Self 30 May 2017
You can make all the right moves in your career, meet all the right people, and say all the right things, but if you're not making your own physical and mental health a priority then you risk holding yourself back from your full potential. Not just in your personal and social life, but in your career, as well.
To help explain the ways in which unhealthy habits and stress affect your wellbeing and hold you back in various aspects of your life, we consulted Dr. Jennifer Stagg, a biochemist turned naturopathic physician who specializes in genomic testing. Through these genetic tests and one-on-one health counseling, she helps people clean up their lives from the inside out so they can better navigate the path to happiness and success.
The Unhealthy Habits Affecting Your World
“Some of the worst habits I see in working women are not getting enough sleep, too much stress that is not managed well, and not enough exercise," Dr. Stagg told SWAAY. “Women also fall into the trap of making poor food choices either because they are stressed or because of the sense of too little time to plan meals. It's a widespread issue among women. We are spread way too thin and have trouble finding our way back to balance until something serious starts happening with our health that often sends us to the doctor's office."
Another unhealthy “habit," which should come as no surprise, is stress. This monster looms in far more places than under the bed, and it can wreak havoc on your personal, social, and work life.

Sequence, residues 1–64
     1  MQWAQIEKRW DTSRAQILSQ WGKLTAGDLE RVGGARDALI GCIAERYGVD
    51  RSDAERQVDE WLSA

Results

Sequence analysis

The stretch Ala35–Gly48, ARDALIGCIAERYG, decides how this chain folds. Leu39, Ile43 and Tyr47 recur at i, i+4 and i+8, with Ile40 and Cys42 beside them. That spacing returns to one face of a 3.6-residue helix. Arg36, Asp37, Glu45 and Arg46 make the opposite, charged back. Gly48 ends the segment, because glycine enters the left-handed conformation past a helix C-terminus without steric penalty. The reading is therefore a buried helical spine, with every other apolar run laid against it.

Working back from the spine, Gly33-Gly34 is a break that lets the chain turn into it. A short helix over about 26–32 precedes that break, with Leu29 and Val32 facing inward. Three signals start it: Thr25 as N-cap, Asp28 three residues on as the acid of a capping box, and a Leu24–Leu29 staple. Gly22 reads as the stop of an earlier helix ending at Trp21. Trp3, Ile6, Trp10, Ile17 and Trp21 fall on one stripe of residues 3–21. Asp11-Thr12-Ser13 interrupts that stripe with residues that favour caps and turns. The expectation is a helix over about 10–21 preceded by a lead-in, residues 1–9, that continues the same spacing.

“I often call stress the elephant in the room," said Dr. Stagg. “I see so many women who are exercising – sometimes to the point of excess – and are eating very clean diets who can't understand why they are having health problems. I always ask how they are managing the stressors in their life, and often find significant concerns that need to be addressed."
For many, stress becomes so “normal" that we may not notice it anymore. Some “hidden" signs that you're over your limit include persistent moodiness, exhaustion despite adequate sleep, and an uptick in everyday tasks falling through the cracks. Stress can also manifest physically by causing headaches, an aching jaw (from clenching your teeth), painful period cramps (from imbalanced hormones), and worsened allergies (also from hormone imbalance).
Whether a “silent" symptom or an obvious one, though, these poor habits can ultimately impact your ability to perform daily tasks, and can inhibit your desire and physical ability to push yourself ahead of the work pack, complete tasks to your full potential, and even network. Who wants to go to a mixer when you're 12-hours deep into a migraine and all you want to do is sleep? And who wants to network with someone who's clearly depleted of energy and a little moody, to boot?
Believe it or not, stress can affect you at a DNA-level, too. “Chronic stress left unchecked impacts how your genes get expressed," said Dr. Stagg. “Quite simply, stressful and negative thought patterns can impact your body at the level of your DNA and affect your health."
It's a somewhat complicated process to explain, and it's still being heavily studied, but scientists believe that persistent stress triggers cortisol, which inhibits the production of an enzyme called telomerase. This enzyme is important because it works to replenish telomeres, “a protective casing at the end of a strand of DNA," writes Stacy Lu for the American Physiological Association (APA).
Telomeres are lost every time a cell divides, and without it being replenished by the enzyme, your supply decreases. When this supply decreases enough, “the cell often dies or becomes pro-inflammatory," which triggers aging (now the whole aging president thing makes more sense, yeah?) and other potential health risks such as heart disease, diabetes, and cancer.
Making Positive Changes